Lane Windham, winner of the 2013 Reed Fink Award in Southern Labor History will present on her dissertation topic, “Knocking on Labor’s Door: Union Organizing and the Origins of the New Economic Divide (1968-1985)” on Monday, April 14. The presentation will take place in Georgia State University’s Department of History, 34 Peachtree Street NW, in lecture room 2131 at noon.
Windham is a former media outreach director of the AFL-CIO and is now pursuing her doctorate in U.S. history from the University of Maryland. She studies the history of how organized business has affected the U. S. political economy, and how the history of labor unions and class intersect with race, gender and the social welfare state in post-World War II U.S. history. Her dissertation asserts that workers were actively forming unions in the private-sector throughout the 1970s, and that they did so with momentum from the civil rights and women’s movements.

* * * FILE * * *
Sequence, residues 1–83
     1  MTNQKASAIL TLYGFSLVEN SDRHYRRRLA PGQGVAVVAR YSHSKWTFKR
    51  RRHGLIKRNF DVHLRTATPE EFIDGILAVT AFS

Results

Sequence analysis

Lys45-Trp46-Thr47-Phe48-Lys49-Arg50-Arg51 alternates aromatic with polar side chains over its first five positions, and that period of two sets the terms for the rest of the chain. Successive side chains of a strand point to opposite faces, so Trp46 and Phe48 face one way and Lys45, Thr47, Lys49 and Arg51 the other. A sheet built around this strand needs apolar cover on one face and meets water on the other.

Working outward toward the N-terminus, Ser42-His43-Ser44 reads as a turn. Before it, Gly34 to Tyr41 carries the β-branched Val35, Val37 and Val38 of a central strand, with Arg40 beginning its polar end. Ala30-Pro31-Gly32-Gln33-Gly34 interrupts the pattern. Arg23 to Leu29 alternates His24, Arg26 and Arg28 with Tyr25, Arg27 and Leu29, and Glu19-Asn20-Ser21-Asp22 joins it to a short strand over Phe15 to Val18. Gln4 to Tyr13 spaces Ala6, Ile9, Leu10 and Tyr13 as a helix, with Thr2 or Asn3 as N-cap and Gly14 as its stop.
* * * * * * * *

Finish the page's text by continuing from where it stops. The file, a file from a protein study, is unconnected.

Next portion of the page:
Her talk will cover how the U.S. forged today’s economic divide in the 1970s. Yet working men and women did not give up so easily. They continued to try to form private-sector unions throughout the decade, gaining new momentum from the civil and women’s rights movements and knocking on labor’s door. Four case studies illuminate their struggles: the largest-NLRB election in the South, among Newport News, Virginia shipyard workers in 1978; campaigns in 1974 and 1985 by Cannon Mills textile workers in Kannapolis, North Carolina; the 1979 campaign among 5300 department store at Woodward & Lothrop in Washington, DC; and the women office worker’s group “9to5” in Boston who forged a new kind of labor organizing.